A Landing a Day

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Grand Marais, Minnesota

Posted by graywacke on January 30, 2009

First timers, check out “About Landing,” above.

Dan –  Second only to MT on the OS list is another of the evil M&M&Ms, which is where I landed today . . . MN; 61/45; 4/10; 11; 166.4.  A new river, the Cascade, which flows into Lake Superior (12th hit); on to the St. Lawrence, of course (74th hit, solidly in 7th place on my river hits list, between the Arkansas with 84 hits and the Snake with 58 hits).

I landed up in the Arrowhead of MN, in the middle of nowhere.  Here’s a shot showing how much in the middle of nowhere I am.  For reference, the map is about 20 miles by 10 miles.


Here’s a broader view (my landing is the southern one):


As you can see, the nearest town is Grand Marais (pop 1400).  The more northern landing occurred on Halloween of 2007.  Back then, my emails to you were brief and to the point.  For old time’s sake, here’s the email I sent you:

Dan –  I landed in the “Boundary Waters” region of MN, where there are interconnected lakes everywhere.  It’s actually pretty hard to figure out which way the water is flowing, but I took my best guess, which landed me in two new watersheds:  the South Brule which flows to the Brule, which flows to Lk Superior.  So anyway:  MN; 42/30; 2/10; 182.3 (my highest since early June . . .)

That was landing 1269; today’s is 1638.  So, 369 landings ago, MN was still way OS.  My score was 182.3, so I’ve managed to get it down about 16 points . . .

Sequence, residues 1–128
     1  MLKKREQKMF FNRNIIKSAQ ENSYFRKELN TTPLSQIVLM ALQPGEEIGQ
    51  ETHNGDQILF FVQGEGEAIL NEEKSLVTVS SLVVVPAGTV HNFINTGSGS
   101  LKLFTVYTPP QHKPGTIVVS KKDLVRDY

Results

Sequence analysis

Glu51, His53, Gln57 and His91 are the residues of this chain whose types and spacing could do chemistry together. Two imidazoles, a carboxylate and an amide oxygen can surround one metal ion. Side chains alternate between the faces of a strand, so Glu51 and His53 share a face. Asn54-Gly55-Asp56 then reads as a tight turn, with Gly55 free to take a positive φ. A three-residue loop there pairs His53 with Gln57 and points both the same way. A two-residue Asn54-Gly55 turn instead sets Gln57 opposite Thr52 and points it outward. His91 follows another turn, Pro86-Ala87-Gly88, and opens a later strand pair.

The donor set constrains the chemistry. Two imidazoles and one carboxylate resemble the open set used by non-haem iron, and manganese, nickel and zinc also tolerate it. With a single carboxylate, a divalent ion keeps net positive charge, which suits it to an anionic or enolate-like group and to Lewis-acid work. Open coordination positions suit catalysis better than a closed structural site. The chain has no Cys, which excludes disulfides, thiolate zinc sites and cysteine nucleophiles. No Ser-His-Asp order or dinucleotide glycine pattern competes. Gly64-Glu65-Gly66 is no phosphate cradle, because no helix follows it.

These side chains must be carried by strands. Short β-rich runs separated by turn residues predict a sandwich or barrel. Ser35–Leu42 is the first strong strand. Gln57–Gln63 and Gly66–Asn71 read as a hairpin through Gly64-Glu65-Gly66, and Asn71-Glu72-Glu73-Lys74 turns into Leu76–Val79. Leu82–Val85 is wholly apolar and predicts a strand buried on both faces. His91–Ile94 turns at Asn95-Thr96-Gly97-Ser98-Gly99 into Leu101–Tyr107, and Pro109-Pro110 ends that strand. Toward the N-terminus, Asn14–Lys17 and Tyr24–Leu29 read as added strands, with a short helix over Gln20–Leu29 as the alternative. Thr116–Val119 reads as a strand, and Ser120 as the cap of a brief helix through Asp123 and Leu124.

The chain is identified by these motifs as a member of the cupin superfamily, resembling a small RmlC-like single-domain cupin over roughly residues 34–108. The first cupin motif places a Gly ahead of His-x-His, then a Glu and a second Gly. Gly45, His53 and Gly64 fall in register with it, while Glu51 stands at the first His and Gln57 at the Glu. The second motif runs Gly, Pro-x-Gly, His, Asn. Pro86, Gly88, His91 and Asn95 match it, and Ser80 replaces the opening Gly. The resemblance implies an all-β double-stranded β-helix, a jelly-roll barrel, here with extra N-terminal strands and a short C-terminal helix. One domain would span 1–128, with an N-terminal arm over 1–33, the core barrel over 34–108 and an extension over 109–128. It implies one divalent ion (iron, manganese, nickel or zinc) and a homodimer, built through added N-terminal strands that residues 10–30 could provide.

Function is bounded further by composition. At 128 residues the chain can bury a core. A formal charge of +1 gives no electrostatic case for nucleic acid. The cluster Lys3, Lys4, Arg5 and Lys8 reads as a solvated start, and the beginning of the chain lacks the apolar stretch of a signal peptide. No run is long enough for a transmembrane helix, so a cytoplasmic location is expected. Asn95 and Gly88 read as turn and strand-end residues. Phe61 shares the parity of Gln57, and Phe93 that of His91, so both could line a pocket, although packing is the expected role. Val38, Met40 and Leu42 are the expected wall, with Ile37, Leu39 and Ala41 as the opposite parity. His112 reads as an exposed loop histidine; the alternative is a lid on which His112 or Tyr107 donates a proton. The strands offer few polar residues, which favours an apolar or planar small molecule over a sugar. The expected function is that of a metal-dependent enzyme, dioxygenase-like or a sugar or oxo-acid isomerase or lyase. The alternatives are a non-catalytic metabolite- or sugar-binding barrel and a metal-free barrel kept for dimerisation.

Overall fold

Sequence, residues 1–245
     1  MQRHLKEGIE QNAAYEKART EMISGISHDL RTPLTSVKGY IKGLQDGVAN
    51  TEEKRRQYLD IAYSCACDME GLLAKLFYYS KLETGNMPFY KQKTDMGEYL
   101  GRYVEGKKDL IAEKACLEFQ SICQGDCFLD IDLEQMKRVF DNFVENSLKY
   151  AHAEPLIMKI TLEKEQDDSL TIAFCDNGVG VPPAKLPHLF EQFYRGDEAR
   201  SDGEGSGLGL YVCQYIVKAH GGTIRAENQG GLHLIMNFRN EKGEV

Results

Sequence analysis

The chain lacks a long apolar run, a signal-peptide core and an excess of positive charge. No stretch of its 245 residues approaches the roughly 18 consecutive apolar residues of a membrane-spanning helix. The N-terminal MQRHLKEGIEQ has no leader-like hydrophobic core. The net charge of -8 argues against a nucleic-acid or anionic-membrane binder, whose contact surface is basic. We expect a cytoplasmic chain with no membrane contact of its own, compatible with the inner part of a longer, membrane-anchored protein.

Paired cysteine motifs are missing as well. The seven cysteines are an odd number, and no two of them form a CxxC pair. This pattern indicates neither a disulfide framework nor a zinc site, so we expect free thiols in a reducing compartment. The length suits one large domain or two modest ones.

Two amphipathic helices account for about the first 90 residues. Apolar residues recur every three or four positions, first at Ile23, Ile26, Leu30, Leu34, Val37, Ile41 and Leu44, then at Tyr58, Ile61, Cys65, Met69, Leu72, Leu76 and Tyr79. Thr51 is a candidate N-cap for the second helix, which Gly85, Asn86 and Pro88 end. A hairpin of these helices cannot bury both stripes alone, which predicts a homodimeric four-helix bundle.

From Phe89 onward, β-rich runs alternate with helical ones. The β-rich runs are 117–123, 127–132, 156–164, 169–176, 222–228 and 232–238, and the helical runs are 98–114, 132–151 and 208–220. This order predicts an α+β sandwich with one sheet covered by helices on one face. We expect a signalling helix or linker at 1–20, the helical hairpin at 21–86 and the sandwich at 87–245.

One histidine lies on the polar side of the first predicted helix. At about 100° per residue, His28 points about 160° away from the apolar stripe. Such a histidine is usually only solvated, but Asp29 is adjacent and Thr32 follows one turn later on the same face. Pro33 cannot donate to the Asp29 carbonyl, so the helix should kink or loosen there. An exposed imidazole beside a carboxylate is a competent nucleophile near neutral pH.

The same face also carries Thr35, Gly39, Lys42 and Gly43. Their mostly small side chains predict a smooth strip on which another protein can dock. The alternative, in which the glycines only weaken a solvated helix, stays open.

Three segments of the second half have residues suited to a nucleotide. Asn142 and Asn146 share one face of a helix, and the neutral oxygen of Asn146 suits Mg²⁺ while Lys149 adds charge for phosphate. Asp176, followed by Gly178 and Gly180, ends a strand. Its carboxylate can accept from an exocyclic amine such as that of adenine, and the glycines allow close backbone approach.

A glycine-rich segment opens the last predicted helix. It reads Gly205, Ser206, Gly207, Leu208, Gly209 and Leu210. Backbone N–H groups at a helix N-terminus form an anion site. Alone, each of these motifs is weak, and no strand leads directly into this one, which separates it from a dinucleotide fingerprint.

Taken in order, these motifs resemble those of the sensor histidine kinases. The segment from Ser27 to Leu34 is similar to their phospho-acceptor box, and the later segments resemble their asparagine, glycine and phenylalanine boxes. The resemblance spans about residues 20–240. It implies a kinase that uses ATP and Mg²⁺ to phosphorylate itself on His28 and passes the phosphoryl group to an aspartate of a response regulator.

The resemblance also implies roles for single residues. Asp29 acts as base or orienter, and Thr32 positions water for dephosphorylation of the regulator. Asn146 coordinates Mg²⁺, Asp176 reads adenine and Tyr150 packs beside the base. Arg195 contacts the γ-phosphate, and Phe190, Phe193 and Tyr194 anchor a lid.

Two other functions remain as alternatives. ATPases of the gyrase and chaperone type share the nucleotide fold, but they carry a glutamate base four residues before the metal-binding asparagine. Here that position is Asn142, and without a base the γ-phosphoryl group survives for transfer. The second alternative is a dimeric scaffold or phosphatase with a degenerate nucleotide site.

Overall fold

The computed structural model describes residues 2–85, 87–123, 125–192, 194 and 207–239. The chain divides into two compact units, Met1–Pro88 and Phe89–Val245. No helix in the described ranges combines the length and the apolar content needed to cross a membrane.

Take another look at the above map.  See good ol’ Rt 61 running along the lake shore?  Remember my Como MS landing, where I mentioned that Rt 61 ended up going all the way to Canada.  Well, there it is . . .

Here’s an even broader view showing the location of Grand Marais:


Looks mighty cold . . .

So anyway, Grand Marais has a great website, and until further notice, that’s my source for the following:

Ya gotta love this place

Every nook and cranny has personality & authenticity.  One minute you’re in this timeless harbor village enjoying a cappuccino (or a bottle of wine), and the next you’re at the doorstep of millions of acres of national wilderness just waiting to be explored.

It’s safe to say, it’s like nowhere else on the planet. Except for, maybe, somewhere in New England.  But they have funny accents.

The Ojibwe called this location Kitchi-Bitobig, meaning “double body of water” (a reference to the two-sided harbor), and it was a Native American village for many years before any Europeans arrived. It is the translation from the French trappers’ dialect for this large bite out of Superior’s shore.  Literally, “great marsh” ; but in the trappers French dialect, it probably meant something closer to “great bay.”

Boy, does Kitchi-Bitobig get my vote!!  Anyway, here’s a picture of the entrance to the harbor:

 grand marais harbor

From the back-in-the-day part of the website, here’s a fur trading post:

 Fur Trading Post